Route 91 survivor talks about lack of progress in gun legislation
Heather Gooze, a Route 91 survivor, talks about lack of progress in gun legislation since the Oct 1. (Bizuayehu Tesfaye/Las Vegas/Review-Journal) @reviewjournal
Review held in death of man after encounter with Las Vegas police
The mother of Tashii Brown, who died after an encounter with Las Vegas police on the Strip, not satisfied after public review of evidence. (K.M. Cannon/Las Vegas Review-Journal)
Clark County Museum opening "How We Mourned: Selected Artifacts from the October 1 Memorials"
The Clark County Museum is opening an exhibit "How We Mourned: Selected Artifacts from the October 1 Memorials" of items left to honor the victims killed in the Route 91 Harvest festival shooting. (Bizuayehu Tesfaye/Las Vegas Review-Journal) @bizutesfaye
Memorial service for former RJ lawyer Mark Hinueber
Mark Hinueber, the Review-Journal's former lawyer and defender of the First Amendment, died in Las Vegas on Aug. 23. Hinueber, who was 66, worked at the RJ and other newspapers for 42 years. On Saturday, his friends and family gathered for a memorial service.
Army veteran honored in Henderson event
Army Sgt. Adam Poppenhouse was honored by fellow veterans in an event hosted by a One Hero at a Time at the Henderson Events Center.
Michelle Obama and Keegan-Michael Key urge Nevadans to vote
Former first lady Michelle Obama and comedian Keegan-Michael Key urged Nevadans to vote at Chaparral High School in Las Vegas Sunday, Sep. 23, 2018. (Marcus Villagran/Las Vegas Review-Journal) @marcusvillagran
Nevada Task Force One Cheers Golden Knights
Nevada Task Force One Cheers Golden Knights
1 dead, 1 wounded in North Las Vegas standoff
A woman was hospitalized with serious injuries on Thursday morning after being shot inside a North Las Vegas house. Police responded about 11 p.m. to a shooting at a home on the 5600 block of Tropic Breeze Street, near Ann Road and Bruce Street. The wounded woman, police believe, was shot by a man, who later barricaded himself inside the house. SWAT was called to assist, and when officers entered the house, they discovered the man dead from an apparent self-inflicted gunshot wound.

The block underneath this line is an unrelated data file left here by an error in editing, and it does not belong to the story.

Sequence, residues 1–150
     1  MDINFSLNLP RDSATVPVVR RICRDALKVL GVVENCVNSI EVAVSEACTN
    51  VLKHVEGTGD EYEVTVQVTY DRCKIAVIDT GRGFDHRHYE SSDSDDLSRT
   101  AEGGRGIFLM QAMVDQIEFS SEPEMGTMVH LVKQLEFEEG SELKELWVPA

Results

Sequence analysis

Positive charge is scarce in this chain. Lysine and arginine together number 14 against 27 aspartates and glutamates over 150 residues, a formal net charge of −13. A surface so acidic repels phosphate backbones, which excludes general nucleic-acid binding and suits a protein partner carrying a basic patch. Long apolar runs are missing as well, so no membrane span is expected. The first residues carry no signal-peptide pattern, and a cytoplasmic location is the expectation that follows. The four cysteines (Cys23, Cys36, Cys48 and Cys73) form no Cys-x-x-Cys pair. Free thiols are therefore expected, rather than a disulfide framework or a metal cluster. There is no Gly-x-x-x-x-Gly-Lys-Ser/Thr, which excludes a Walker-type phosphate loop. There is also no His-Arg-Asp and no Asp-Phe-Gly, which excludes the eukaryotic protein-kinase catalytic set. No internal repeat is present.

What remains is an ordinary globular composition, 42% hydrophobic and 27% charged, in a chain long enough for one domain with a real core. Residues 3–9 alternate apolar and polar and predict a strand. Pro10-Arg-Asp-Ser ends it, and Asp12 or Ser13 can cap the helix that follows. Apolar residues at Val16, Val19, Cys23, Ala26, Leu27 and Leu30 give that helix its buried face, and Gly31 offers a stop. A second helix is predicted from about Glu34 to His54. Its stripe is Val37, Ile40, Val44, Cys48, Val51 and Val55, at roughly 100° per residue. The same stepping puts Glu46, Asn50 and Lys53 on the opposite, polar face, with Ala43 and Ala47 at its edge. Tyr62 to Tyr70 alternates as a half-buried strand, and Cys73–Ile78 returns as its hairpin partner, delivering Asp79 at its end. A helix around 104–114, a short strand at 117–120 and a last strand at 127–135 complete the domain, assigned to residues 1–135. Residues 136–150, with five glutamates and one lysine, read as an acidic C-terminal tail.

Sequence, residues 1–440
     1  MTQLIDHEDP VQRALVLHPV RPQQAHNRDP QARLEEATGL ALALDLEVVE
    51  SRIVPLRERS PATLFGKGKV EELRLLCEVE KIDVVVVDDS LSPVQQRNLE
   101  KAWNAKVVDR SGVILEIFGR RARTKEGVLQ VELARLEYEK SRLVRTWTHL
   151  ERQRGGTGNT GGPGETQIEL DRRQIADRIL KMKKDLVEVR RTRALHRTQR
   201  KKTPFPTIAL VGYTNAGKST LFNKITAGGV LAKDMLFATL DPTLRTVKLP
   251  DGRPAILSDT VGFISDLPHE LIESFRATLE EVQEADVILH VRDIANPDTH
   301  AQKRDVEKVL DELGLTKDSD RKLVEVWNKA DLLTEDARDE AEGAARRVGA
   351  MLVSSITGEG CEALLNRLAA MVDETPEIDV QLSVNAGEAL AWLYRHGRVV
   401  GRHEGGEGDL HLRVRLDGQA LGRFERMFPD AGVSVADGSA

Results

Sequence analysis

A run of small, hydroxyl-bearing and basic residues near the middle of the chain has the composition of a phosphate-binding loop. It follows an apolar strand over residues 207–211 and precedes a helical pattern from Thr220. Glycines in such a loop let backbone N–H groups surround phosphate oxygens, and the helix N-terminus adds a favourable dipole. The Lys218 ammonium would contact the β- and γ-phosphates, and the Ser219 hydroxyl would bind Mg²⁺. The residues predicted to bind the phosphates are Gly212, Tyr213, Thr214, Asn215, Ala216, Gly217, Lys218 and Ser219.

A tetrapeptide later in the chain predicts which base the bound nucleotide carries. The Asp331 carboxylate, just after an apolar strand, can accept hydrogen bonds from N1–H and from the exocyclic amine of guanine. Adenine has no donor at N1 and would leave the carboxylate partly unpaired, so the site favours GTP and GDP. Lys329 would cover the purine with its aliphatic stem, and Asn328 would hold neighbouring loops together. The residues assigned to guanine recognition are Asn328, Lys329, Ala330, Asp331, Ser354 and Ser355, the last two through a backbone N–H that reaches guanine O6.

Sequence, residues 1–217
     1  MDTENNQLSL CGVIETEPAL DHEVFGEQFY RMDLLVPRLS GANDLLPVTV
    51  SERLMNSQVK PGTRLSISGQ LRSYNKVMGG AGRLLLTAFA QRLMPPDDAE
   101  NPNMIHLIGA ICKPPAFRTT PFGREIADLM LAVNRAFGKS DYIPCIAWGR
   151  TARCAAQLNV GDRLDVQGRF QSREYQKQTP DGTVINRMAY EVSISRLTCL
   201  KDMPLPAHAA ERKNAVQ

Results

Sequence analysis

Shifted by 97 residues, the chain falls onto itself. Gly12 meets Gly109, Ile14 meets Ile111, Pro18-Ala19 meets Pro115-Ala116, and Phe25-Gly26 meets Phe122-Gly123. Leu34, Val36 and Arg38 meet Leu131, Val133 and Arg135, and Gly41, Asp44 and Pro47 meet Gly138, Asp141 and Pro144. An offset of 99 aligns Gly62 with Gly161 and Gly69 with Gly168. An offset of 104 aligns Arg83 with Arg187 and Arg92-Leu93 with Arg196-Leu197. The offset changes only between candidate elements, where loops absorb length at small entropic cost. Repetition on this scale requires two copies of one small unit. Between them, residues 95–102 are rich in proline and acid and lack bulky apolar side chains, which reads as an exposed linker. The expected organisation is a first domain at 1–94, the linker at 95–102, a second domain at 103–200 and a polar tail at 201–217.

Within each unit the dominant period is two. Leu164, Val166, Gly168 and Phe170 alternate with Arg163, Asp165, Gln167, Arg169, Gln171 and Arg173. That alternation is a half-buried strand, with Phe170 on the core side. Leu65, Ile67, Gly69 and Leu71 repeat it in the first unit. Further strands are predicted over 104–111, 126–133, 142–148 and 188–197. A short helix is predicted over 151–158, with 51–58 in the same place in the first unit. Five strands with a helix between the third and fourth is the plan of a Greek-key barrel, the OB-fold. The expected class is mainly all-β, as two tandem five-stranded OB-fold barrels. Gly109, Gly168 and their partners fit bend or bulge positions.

Las Vegas Teen Makes Clothing Resale His Side Hustle
Las Vegas resident Reanu Elises, 18, started buying and selling streetwear online when he was a high school junior. Like many other young adults, the world of online resale applications like Depop and Mercari have made selling clothing online for a profit easy. Now, Elises spends his free time at thrift shops looking for rare and vintage clothing he can list on his on his shop. Now in his freshman year at UNLV as a business marketing major, Elises hopes to open a shop of his own one day and start his own clothing brand. He estimates that he's made about $1000 from just thrifted finds in the past year, which he'll use to buy more thrift clothing and help pay for expenses in college. (Madelyn Reese/ Las Vegas Review-Journal) @MadelynGReese
Fruition Vineyards Encourages Young Entrepreneurs to "Buy, Flip, Dream"
Once a month, young adults gather at Fruition Vineyards on South Maryland Parkway near UNLV to dig through a stack of rare, vintage and designer clothing that's marked down well below it's resale value. Shop founder Valerie Julian began the vent, dubbed "Fruition Vineyards" in August after running her streetwear shop since 2005. The event gives young entrepreneurs the opportunity to "buy, flip, dream" according to Jean. Meaning that they're encouraged to buy the clothing for sale and find a way to resell it for a profit, then reinvest that into whatever dream they pursue: college, a hobby or their own resale business. Shoppers lined up starting an hour before noon on the last Saturday in April for the opportunity and spoke about what they hoped to do with their finds and profits. (Madelyn Reese/Las Vegas Review-Journal) @MadelynGReese
Local man goes under cover searching for answers to homelessness
Licensed mental health therapist Sheldon Jacobs spent 48 hours under cover posing as a homeless man in an attempt to gain perspective on the complex issue.
Social Work UNLV Lecturer's Calling
Ivet Aldaba-Valera was the first person in her family to graduate from both high school and college. The 33-year-old UNLV lecturer is now pursuing her Ph. D in public policy at the school and has used her degree in social work to engage with the young Latino and Latina community of Las Vegas. (Madelyn Reese/Las Vegas Review-Journal) @MadelynGReese
TOP NEWS
News Headlines
Add Event
Home Front Page Footer Listing
Circular
You May Like

You May Like